As ever, don’t take this as me dictating the One Right Experience—I’m just talking about me here—but for me the one big story that for decades shielded me from recognizing my gender issues (blinding as they may be) is our collective obsession with sexuality. We sexualize the concept of gender. We sexualize—or at least romanticize—all relationships, all emotions that connect us to others. It becomes this minefield of expectation; of these models of behavior, of feeling, of thinking, of existing, that you’re expected to fall into—and if you don’t, there’s something wrong with you.
Tied into all this are problems with representation, where unless you look for it, anything outside the gender binary might as well not exist except as a fetish. I know this is also a problem for other marginalized identities—objectification as the only recognition. You’re only valid to the extent you serve a purpose. I am terrified of being objectified; I have been for as long as I can remember. As long as I’ve been aware of sex, I’ve felt this vulnerability that I only recently have come to understand.
I don’t experience sexual or romantic attraction, but for most of my life I’ve been led to confuse empathy with a guilty sort of desire; for all that I’ve been told my affinity must be sexual, I recognize something isn’t quite right with that story. That uncertainty, that intangible sense of wrongness, it festers, leading me to feel just awful about the whole thing. There’s this anxiety that builds up about ever identifying with anyone, despite this strong relational draw to, in particular, gender non-conforming women (and active repulsion from men).
Getting through that, to nail down and embrace my sexuality, that was the first step—and it took me ages. Once I had drawn that division, I was free to unpick all the severed threads, to see where they led; what was going on with my attitudes. It’s only then I was able to recognize what I had so clearly been feeling the last four decades and why; how strongly I responded to seeing myself reflected in others, despite failing to grasp what I saw or how it affected me.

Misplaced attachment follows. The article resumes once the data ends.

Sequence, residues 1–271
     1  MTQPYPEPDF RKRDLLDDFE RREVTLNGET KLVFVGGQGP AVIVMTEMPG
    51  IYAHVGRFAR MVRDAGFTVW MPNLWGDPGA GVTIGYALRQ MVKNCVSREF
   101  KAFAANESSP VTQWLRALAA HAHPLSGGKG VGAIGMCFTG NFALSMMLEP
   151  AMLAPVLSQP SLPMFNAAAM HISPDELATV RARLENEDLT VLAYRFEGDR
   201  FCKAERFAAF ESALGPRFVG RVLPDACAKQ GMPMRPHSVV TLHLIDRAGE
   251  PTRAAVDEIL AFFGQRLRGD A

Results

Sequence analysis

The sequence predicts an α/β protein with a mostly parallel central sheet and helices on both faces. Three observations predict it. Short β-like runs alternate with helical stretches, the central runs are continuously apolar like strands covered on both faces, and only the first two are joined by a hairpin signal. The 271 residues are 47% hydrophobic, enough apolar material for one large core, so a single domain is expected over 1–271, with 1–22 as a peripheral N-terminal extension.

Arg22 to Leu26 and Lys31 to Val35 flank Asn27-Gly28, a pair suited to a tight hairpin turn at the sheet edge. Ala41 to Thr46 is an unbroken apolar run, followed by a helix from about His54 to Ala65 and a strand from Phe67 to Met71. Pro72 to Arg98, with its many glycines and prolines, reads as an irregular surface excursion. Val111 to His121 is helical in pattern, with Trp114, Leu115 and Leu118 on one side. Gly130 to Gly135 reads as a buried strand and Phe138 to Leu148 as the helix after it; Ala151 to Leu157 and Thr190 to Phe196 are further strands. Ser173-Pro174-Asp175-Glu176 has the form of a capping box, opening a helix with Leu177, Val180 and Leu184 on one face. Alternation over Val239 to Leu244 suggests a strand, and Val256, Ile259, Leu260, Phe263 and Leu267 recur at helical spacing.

The notion that it was possible to be a gender non-conforming woman regardless of one’s assignment at birth, and not in the context of some fetish for someone else’s benefit, but just as a person, as an identity—it’s not a story one tends to encounter too often, culturally.
To exist for one’s own sake and not for the sake of someone else—this is such a long road. For that, I blame our culture’s obsession with sex and sexuality, none of which applies to me or the way I look at the world or myself. You know, I’m just me. I’m not here for any purpose except to be who I am. And through all this noise, I couldn’t see me at all.
As I say, other people are wired in their own particular ways, and take comfort and interest in things that bore me or make me want to cry. They’re not wrong for being who they are. It’s just that this one narrative, about how we’re meant to think and feel and relate to each other—it’s not The One. It’s not correct. It’s just a million slight variations of a single narrow story. Other stories are available.
The concept of sex, it was a shackle to me. To others it’s the key. The story is only wrong when it’s forced on you. And that’s the real point here.
Your story, it comes from inside. In this month of bricks and riots, and at any other time of the year, don’t let anyone else tell you who you are. Don’t buy into this notion that your script is sitting there, waiting for you to act out. Everyone around you, they’re all working through their own garbage, looking for validation of their own. But their stories, they have nothing to do with you. Yours is for you to tell yourself.
Love starts with you. Be kind to yourself, listen to what you’re saying—and let that make the whole world a better place to be.